I figure the chooks could also do with a leg stretch so they are out in their annex digging through to another continent. Their main yard is a quagmire.

The 'girls' out in their annex
The ‘girls’ out in their annex

I’ve put the veggie scraps in the compost bin and spend a bracing 5 minutes scrubbing the compost bucket out. I still need to let the wind blast the stale air out of the house so I go into the polyhouse to check on how our plants are surviving.

chillies drying from the roof, some borage in need of a feed with some minerals and our native plants waiting to get into that garden I can't dig.
chillies drying from the roof, some borage in need of a feed with some minerals and our native plants waiting to get into that garden I can’t dig.

It’s looking pretty good and the sun is warming in the slight protection of the plastic sheeting. TB is working really hard to get some of our tender plants through the Canberra winter. He’s succeeding. Some of our chillies, the Vietnamese mint and lemongrass are alive and doing quite well.

Looking through the lemongrass to the Vietnamese mint and chilli plant
Looking through the lemongrass to the Vietnamese mint and chilli plant

His most daring experiment are a bunch of eggplants that are still outside in a large pot, which is carefully covered every night against the frost. His goal is to get the plants safely through winter so he can re-plant them once the frost has passed to get fruit earlier than we can from younger plants. We’ll see.

*PS on the weather report tonight I heard that our ‘apparent’ daytime maximum today was 1.3 degrees celsius.

Winter garden

 In the cold foggy light of a winter’s morning the back garden certainly seems rather forlorn and bedraggled.


The beds have been cleared and the pile of dirt in the background is where we have been harvesting our water chestnuts, a very unpleasant wet and cold task which has yet to be fully completed. A few fennel bulbs survive in the bed where the beans were growing in late summer. Our two best clumps of asparagus (foreground) have been cut back to stumps.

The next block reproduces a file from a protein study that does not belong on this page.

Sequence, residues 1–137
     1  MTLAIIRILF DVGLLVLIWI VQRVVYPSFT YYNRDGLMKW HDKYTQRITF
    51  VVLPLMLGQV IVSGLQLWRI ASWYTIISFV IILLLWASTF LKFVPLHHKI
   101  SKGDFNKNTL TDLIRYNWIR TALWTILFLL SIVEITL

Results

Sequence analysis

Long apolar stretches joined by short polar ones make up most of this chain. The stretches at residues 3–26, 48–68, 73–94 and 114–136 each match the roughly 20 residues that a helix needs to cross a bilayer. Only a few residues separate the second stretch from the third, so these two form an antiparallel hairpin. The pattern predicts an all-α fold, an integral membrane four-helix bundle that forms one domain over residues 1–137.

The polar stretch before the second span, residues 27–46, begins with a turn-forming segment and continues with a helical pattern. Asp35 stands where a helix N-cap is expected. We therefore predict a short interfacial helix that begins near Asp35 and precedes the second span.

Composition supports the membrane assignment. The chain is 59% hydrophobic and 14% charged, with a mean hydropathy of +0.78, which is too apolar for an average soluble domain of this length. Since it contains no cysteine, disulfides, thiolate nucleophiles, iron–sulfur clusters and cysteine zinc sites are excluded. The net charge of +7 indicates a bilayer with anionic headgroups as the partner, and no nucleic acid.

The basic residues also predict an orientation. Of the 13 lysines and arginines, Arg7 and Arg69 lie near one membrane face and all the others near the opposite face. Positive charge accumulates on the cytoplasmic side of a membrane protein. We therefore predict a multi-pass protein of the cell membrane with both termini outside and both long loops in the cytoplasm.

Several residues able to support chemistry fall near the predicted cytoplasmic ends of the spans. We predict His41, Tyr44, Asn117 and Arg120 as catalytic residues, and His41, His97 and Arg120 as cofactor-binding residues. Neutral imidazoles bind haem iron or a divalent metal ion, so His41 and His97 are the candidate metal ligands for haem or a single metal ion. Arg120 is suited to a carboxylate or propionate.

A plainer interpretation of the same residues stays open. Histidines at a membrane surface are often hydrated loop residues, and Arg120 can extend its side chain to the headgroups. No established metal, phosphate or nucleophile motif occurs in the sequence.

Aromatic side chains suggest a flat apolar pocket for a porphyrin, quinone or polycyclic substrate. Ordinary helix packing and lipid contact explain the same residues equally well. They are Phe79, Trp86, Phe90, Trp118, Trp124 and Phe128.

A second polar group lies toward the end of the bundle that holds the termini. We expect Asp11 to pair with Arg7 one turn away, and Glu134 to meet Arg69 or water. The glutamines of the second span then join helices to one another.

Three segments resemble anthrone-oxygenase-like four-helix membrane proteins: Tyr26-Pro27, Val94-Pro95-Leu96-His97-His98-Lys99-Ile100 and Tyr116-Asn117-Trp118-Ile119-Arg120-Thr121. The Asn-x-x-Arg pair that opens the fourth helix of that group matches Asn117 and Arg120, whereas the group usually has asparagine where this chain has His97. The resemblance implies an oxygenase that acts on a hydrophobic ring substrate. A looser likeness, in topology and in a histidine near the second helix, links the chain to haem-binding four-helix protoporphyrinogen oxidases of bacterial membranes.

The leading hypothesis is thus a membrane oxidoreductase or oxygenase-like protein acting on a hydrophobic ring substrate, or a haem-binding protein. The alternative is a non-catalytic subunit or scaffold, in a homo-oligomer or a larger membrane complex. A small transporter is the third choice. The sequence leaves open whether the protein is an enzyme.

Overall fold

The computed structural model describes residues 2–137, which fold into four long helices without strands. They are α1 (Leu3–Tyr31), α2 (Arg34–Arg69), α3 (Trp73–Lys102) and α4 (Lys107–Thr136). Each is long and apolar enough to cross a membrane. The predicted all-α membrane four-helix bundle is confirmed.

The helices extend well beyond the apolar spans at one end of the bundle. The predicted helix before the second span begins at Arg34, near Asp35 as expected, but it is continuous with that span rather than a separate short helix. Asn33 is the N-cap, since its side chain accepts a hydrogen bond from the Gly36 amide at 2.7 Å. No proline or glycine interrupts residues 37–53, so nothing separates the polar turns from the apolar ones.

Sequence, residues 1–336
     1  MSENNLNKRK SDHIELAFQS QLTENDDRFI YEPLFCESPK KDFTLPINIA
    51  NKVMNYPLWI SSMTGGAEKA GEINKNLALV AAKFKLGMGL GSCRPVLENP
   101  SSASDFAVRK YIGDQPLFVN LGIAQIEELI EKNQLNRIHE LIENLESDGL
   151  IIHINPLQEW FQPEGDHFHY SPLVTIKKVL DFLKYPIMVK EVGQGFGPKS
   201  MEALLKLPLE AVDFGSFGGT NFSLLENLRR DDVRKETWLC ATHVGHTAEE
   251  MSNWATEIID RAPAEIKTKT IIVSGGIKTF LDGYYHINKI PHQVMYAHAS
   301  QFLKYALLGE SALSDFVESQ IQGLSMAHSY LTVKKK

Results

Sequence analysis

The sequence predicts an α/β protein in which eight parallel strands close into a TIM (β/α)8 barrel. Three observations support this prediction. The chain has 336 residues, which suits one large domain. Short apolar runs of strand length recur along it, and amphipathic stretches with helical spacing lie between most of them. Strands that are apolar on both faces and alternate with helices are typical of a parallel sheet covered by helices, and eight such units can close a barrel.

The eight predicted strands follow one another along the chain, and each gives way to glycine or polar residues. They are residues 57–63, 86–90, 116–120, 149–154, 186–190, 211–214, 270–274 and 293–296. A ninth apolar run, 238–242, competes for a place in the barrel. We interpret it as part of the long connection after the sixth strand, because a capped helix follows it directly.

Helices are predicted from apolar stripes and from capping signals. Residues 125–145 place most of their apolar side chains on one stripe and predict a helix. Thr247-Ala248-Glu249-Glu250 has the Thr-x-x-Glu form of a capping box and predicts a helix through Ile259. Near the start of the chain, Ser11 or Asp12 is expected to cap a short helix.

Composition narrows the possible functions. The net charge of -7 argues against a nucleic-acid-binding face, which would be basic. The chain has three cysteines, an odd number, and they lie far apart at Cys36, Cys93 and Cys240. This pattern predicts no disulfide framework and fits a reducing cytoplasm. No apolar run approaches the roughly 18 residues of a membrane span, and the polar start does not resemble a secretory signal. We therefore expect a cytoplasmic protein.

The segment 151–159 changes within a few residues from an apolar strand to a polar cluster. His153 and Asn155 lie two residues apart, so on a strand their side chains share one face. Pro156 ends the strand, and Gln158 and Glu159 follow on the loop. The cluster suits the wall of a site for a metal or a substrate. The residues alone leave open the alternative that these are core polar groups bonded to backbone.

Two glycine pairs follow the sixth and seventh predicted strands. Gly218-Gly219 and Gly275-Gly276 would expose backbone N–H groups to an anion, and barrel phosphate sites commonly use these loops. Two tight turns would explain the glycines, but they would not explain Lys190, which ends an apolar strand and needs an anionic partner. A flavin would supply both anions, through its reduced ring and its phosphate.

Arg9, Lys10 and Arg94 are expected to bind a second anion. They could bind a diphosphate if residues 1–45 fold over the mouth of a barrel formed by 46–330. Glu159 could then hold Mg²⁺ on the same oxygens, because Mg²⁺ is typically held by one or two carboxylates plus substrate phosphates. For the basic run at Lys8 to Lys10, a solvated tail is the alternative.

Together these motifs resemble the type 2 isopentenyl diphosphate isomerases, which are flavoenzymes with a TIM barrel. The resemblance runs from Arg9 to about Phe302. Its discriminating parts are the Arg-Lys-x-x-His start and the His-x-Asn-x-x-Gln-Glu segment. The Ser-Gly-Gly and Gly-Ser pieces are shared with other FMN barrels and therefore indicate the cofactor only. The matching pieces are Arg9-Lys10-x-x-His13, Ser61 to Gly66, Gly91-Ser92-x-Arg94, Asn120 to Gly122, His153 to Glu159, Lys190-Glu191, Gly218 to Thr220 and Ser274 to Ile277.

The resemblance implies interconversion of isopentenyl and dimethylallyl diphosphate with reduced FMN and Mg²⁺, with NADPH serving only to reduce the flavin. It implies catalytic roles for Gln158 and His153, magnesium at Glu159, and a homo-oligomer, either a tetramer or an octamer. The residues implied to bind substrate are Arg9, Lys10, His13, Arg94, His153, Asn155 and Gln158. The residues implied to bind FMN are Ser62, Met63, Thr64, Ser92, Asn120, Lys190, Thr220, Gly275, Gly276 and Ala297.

However just nearby is our herb bed (the semicircle in front) with some lettuces growing away and just behind that a sea of you garlic in protective milk carton collars. Behind the garlic are some rows of baby bok choy which came from our friend M. Further back is our still productive carrot bed. To the left again are some snow peas that are still producing the odd pod.


In front of the snow peas are some Mini White Turnips, which certainly don’t seem to mind the cold.

Out the front the legumes are leading the way.


The Purple Podded Peas I planted in the last days of April are now coming up well and hopefully will produce a great spring crop. The Welsh Bunching onions, behind them, are from last summer and are starting to run to flower. They are great in that rather than pulling them out completely, you can cut them off at the base and they will re-shoot.


The broad beans I planted at the same time as the peas are also up and growing, in front of them is very reluctant crop of mini cabbages which I don’t think will go anywhere. The red plants are chicory and more Mini White Turnips are planted next to them.

Enough computer work. I’m off to don some woolly socks and head out to deal with the remaining water chestnuts!